Lord Coe accepts IAAF crisis is serious as Eugene award is reportedly probed

IAAF president Lord Coe continues to face difficult questions about the state of athletics

IAAF president Lord Coe accepts the governing body of world athletics is "under serious investigation" but has denied its crisis is comparable to the turmoil affecting FIFA.

Coe was speaking following a BBC report that French prosecutors are to examine the decision to award the 2021 World Championships to the American city of Eugene.

The former Olympic 1,500 metres world champion was elected as president of the IAAF in August, succeeding Lamine Diack whose tenure is being closely examined by French police amid allegations of corruption and doping cover-ups.

Coe quit his role as an ambassador for sportswear firm Nike last month, two days after allegations surfaced that he lobbied for Eugene to host the World Championships. The city has close links with Nike and was awarded the championships in April without a bidding process, despite strong interest from Swedish city Gothenburg.

Coe has insisted his actions were entirely above board, and said on Thursday: "We have selected cities before not within a bidding cycle."

Vin Lananna, president of TrackTown USA which had pushed for Eugene to be handed a World Championships, said in The Oregonian: "We are very proud of and stand by our bid. We are 100 per cent confident that there was nothing outside of what are the norms for an IAAF bid."

But Coe admitted before he took the helm at the IAAF there may have been deals done of which even senior figures within the organisation, including Coe himself, were not made aware.

He said on BBC Radio 4's Today programme: "(The conduct of the IAAF under Diack) is now a matter of police investigation and I can't maintain a running commentary on that. If that has happened, that will take its normal course and people will be prosecuted."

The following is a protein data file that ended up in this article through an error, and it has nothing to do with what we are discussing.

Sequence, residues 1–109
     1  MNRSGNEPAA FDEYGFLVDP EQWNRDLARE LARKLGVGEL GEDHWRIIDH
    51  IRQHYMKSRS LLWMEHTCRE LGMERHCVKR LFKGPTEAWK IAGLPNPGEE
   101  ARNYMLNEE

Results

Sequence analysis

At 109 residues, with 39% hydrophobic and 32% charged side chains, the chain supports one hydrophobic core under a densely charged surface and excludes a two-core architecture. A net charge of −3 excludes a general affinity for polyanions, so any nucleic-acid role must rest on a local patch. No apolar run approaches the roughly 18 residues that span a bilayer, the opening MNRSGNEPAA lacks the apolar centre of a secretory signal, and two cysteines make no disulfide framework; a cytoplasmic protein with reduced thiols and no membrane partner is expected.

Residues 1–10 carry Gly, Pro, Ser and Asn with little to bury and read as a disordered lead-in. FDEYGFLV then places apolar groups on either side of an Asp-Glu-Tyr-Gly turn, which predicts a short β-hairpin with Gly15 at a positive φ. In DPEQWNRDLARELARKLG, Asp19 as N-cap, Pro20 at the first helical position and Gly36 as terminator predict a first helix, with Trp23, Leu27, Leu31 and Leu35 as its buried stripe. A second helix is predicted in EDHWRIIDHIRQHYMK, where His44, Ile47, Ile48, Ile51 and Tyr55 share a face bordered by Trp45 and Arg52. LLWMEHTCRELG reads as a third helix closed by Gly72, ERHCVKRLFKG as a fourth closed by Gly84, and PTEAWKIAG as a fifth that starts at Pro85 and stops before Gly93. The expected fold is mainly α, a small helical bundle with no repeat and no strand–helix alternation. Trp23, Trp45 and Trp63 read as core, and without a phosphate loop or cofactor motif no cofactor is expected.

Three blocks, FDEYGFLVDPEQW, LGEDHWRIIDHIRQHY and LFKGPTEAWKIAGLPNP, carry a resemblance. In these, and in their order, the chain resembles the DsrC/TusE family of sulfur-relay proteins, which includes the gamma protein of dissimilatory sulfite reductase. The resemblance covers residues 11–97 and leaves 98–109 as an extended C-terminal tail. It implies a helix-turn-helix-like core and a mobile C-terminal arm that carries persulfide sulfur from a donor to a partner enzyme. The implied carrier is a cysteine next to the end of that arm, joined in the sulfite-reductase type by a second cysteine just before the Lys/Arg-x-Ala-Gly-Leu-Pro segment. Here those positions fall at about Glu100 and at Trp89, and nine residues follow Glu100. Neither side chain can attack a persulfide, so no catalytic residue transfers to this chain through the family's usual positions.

He would welcome prosecutions if accusations could be proven.

"If they have done that yes, because that would be abhorrent," Coe said.

"It would be abhorrent whether it was across contracts; it would be abhorrent whether it was conniving in distorting anti-doping practices."

Coe conceded he did not know everything that was happening within the IAAF while serving as a vice-president.

"That I'm afraid is the traditional model for sport. Don't predicate sport on well-run FTSE 100 (companies)," he said.

"That is the big challenge I've got. O f course it's got to stop and those are the changes I'm making - wholesale restructuring of the governing body, bringing on accountability and responsibility. P eople have got to know how to challenge the system."

Asked if the IAAF saga was "as big as FIFA", in reference to the corruption crisis surrounding world football's governing body, Coe said: " I don't believe that, and I'm not remotely walking away from the seriousness of the situation.

"We're talking about a criminal investigation which is looking at a handful of people. T hat's of no comfort to me."

Assessing where athletics goes now, Coe said: " I have a very, very clear road map for what we need to do.

"If you're saying that too much power sat in the hands of too few people and the walls were too high, then you're right."

He added: "I'm not under any illusion here, I'm president of an international federation which is under serious investigation."

Russia remains in danger of being excluded from athletics at the 2016 Olympics, unless it meets criteria set down by the IAAF after a culture of doping was exposed.

Coe said: "If Russia does not meet the change laid out in that criteria its clean athletes will sit it out."

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